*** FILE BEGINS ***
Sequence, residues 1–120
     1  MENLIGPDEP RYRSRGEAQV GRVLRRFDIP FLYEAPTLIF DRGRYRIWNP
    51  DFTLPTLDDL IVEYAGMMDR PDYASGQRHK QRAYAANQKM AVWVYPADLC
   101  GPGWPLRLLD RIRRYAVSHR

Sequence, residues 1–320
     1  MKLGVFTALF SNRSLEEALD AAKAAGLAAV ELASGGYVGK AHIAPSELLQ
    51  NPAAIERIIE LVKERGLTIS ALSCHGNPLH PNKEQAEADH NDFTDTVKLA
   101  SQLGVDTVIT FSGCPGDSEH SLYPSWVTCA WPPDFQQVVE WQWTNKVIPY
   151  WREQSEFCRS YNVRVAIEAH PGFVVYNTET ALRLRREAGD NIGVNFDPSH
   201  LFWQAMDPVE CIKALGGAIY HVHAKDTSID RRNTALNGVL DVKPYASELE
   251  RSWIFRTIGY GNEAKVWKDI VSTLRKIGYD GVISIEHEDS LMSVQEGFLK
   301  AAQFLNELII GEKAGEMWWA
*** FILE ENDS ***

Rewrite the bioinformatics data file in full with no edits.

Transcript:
Sequence, residues 1–120
     1  MENLIGPDEP RYRSRGEAQV GRVLRRFDIP FLYEAPTLIF DRGRYRIWNP
    51  DFTLPTLDDL IVEYAGMMDR PDYASGQRHK QRAYAANQKM AVWVYPADLC
   101  GPGWPLRLLD RIRRYAVSHR

Sequence, residues 1–320
     1  MKLGVFTALF SNRSLEEALD AAKAAGLAAV ELASGGYVGK AHIAPSELLQ
    51  NPAAIERIIE LVKERGLTIS ALSCHGNPLH PNKEQAEADH NDFTDTVKLA
   101  SQLGVDTVIT FSGCPGDSEH SLYPSWVTCA WPPDFQQVVE WQWTNKVIPY
   151  WREQSEFCRS YNVRVAIEAH PGFVVYNTET ALRLRREAGD NIGVNFDPSH
   201  LFWQAMDPVE CIKALGGAIY HVHAKDTSID RRNTALNGVL DVKPYASELE
   251  RSWIFRTIGY GNEAKVWKDI VSTLRKIGYD GVISIEHEDS LMSVQEGFLK
   301  AAQFLNELII GEKAGEMWWA